After the wildfires of 2017 forced the cancellation of SkyFest two years ago, Quesnel’s International Airshow returned this year after a four-year absence.
There were many impressive airplanes at SkyFest over the weekend with beautiful paint jobs, powerful engines and interesting histories, but the people flying — and jumping out of — those aircraft were just as impressive, and we would like to introduce you to some of them.
Canadian Forces Snowbirds
Capt. Scott Boyd, who is originally from Burnaby, flies Snowbird 4 in the First Line Astern position, while Capt. Logan Reid, who is originally from Victoria, flies Snowbird 8, the Opposing Solo. They were both posted to 431 (Air Demonstration) Squadron in Moose Jaw, Sask., in 2018, and this is their first year with the Snowbirds.
Boyd has wanted to be a Snowbird since he was six or seven years old, and being part of this team is fulfilling a lifelong dream.
“For me, it’s been incredibly rewarding,” he said of being a Snowbird. “Flying the airshow is just fantastic. Obviously the flying is amazing and what I always dreamed of, but getting to travel Canada and North America, meet people from all over the country and really show them what we’re doing and what the Canadian Forces is doing is just an incredible experience — especially in some of the smaller towns, places like Peace River, where we just were, Camrose before that and Quesnel; exposing people to something they might not see very often or get a chance to see is an amazing experience.”
Reid grew up going to airshows in Abbotsford and Comox, and he says he always inspired by the Snowbirds and the CF-18 Demo Team. When he was posted to Moose Jaw as a flight instructor, seeing the Snowbirds train really stoked that fire.
“It’s just such an extreme privilege,” said Reid. “For me, growing up wanting to be a Snowbird and getting to be in the cockpit on the other side of things is incredibly rewarding … just to be able to have that full-circle moment and inspire both young Canadians and old Canadians and really Americans all across the board to do whatever inspires them, whatever challenging thing they have in their life to tackle it head-on, and just to represent the Canadian Forces in general — that’s our job, to go out there and meet Canadians and our closes allies, the Americans, and spread the good news of the Canadian Forces and the good work we are doing across the globe and here at home and really demo that professionalism and teamwork they are doing every day.”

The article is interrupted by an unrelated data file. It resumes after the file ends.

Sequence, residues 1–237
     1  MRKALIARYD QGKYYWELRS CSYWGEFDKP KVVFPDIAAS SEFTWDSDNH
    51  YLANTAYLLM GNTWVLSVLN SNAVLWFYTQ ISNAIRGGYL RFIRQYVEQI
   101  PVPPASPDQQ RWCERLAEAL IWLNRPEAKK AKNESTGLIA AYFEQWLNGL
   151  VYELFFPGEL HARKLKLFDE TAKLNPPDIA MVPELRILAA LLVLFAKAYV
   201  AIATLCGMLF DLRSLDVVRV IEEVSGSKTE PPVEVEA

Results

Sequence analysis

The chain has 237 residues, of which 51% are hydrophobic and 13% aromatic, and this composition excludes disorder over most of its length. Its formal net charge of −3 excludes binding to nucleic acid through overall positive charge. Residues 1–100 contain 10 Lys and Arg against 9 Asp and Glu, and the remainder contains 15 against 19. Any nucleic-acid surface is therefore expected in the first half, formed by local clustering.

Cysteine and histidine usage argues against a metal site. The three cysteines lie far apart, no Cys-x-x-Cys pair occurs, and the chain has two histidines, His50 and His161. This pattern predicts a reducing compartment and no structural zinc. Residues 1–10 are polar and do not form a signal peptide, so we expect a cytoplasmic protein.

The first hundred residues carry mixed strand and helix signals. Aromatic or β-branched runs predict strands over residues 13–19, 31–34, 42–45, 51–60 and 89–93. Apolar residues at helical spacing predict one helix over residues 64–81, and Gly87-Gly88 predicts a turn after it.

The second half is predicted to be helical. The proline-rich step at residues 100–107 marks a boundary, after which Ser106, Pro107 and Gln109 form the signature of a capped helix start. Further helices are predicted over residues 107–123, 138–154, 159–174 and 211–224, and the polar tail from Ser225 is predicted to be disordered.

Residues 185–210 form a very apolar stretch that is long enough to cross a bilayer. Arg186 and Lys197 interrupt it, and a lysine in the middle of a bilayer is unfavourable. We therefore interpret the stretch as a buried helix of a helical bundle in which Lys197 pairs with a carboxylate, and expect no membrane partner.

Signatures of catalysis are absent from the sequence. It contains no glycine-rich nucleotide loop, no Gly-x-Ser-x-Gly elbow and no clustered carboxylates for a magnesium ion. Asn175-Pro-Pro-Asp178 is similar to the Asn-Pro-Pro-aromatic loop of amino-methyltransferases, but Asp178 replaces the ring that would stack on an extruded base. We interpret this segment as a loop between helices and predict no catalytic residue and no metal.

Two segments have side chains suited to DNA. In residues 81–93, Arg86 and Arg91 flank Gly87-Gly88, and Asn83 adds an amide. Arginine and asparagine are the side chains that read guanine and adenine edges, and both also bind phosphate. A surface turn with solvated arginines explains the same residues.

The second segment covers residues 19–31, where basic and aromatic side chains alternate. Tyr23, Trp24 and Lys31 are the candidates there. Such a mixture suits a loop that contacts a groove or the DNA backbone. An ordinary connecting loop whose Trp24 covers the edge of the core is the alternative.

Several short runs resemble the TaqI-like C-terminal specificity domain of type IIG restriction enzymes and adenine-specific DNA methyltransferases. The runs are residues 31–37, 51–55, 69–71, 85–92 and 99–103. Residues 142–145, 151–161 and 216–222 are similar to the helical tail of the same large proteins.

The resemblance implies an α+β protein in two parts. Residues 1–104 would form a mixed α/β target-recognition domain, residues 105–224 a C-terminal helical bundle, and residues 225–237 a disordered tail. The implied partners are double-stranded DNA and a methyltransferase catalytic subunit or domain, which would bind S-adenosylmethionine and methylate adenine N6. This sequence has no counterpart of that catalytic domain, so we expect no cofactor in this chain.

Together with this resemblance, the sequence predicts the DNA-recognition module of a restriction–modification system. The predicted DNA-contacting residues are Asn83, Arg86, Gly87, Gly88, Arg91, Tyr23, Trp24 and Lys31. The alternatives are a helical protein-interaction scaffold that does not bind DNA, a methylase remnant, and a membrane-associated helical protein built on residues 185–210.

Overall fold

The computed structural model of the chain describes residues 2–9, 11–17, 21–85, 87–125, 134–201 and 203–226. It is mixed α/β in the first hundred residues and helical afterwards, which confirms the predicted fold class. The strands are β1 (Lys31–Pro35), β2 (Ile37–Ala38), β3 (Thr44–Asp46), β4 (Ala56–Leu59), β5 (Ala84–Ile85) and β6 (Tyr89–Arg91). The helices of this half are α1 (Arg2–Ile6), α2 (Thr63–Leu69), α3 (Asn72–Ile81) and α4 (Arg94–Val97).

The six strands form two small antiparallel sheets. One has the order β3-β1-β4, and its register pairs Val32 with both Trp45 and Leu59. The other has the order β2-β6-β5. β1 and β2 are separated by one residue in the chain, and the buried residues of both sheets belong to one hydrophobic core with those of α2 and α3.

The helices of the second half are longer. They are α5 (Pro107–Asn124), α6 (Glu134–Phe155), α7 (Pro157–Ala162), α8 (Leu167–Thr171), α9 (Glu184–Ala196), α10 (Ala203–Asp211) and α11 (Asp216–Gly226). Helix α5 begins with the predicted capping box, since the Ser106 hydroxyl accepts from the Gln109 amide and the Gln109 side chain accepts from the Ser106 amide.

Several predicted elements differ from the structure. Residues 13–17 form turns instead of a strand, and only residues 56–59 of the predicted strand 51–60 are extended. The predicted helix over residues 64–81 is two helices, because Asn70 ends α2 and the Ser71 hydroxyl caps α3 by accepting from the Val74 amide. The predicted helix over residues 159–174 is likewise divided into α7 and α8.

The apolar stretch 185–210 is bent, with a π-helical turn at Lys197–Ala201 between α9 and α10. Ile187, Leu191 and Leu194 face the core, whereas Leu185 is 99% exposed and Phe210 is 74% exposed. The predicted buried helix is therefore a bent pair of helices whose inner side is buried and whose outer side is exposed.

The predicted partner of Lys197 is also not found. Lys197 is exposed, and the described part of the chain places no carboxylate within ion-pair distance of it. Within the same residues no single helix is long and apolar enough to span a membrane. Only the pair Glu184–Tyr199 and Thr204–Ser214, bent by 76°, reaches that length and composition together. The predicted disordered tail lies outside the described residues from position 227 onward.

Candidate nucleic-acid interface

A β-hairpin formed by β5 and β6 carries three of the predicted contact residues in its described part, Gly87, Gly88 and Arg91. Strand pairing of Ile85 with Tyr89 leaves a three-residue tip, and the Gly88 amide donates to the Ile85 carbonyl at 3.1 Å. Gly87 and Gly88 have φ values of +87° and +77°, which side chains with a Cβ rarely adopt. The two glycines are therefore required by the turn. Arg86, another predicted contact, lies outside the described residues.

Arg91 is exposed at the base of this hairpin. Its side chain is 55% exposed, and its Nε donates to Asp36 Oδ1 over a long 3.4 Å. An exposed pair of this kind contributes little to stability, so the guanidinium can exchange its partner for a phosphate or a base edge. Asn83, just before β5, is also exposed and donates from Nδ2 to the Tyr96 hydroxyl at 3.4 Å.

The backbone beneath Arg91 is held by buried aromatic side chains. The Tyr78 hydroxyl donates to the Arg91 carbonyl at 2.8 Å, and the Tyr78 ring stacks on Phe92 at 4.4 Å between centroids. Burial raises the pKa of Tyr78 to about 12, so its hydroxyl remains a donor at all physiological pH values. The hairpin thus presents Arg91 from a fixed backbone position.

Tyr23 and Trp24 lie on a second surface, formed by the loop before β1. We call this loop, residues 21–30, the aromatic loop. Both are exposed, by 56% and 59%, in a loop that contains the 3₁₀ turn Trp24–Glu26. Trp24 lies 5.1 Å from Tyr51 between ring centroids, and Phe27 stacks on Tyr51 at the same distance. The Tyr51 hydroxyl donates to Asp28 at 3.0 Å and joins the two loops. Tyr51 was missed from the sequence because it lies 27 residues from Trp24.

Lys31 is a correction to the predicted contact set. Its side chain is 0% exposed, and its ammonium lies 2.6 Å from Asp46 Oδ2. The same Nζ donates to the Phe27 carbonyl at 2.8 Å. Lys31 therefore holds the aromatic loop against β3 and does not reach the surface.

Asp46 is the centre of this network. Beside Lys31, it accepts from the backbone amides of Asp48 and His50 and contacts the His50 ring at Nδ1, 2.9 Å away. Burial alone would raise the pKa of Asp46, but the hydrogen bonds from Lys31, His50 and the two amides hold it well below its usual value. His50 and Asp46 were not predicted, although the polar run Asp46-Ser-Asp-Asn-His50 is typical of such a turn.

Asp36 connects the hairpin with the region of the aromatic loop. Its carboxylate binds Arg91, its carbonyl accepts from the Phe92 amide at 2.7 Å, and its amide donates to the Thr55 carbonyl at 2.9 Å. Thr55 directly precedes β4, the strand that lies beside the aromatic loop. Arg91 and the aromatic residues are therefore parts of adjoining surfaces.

Reid says he has a few top airshow moments so far this year.
“I’d say the first one for me was doing our training season in Comox — it is something we do annually, which gives us a great opportunity to work in a really unique environment that we see on tour, but for me, the very first airshow I remember going to was in Comox, so to then be performing in Comox and training and flying the routine there was very satisfactory,” he said. “I think number one for me, the big moment I had in the cockpit was when we were doing an airshow in a place called Ocean City, Maryland, and it was an incredibly large show, and there were 100 thousand people-plus up and down the beach, and I was rolling out at 5,000 feet and I banked over, and I just looked down and I saw umbrellas as far as I could see. The outreach this team has is incredible.”
Boyd’s airshow highlight so far has been spending time with a veteran and his family.
“I think for me, I had the opportunity in Boundary Bay a few weeks ago to meet a veteran and his family — I think he was 92 years old, he was an ex-Canadian Forces pilot; it was kind of his last wish to come out to the airshow one last time, so I got to meet him and his family, and I got them into the VIP area and showed them the airplane,” he said. “Just to be able to see the impact I was able to have on him and his family was just an incredible thing for me. It was a really touching experience.”
The SkyHawks is Canada’s only military parachute demonstration team, and the team is based out of Trenton, Ont., at the Canadian Army Advanced Warfare Centre. Team members are from various occupations of the Army, Navy and Air Force and from both Regular and Reserve Forces.
Cpl. Kyle VanGenne, who is from Dawson Creek, is currently posted to the Canadian Forces Environmental Medical Establishment in Toronto. This is his first season with the SkyHawks.
“Oddly enough, I got an email from another military friend of mine that I work with saying the SkyHawks were putting on a recruiting push for the 2019 season,” he said. “He and I had just finished doing our CSPA, which is our Canadian licence Level A, and we immediately fell in love with the sport right off the bat, and I decided ‘what’s the worst that can happen? I love skydiving, and I’d like to do more advanced skydiving,’ and this was an opportunity. I asked, and everything worked out.”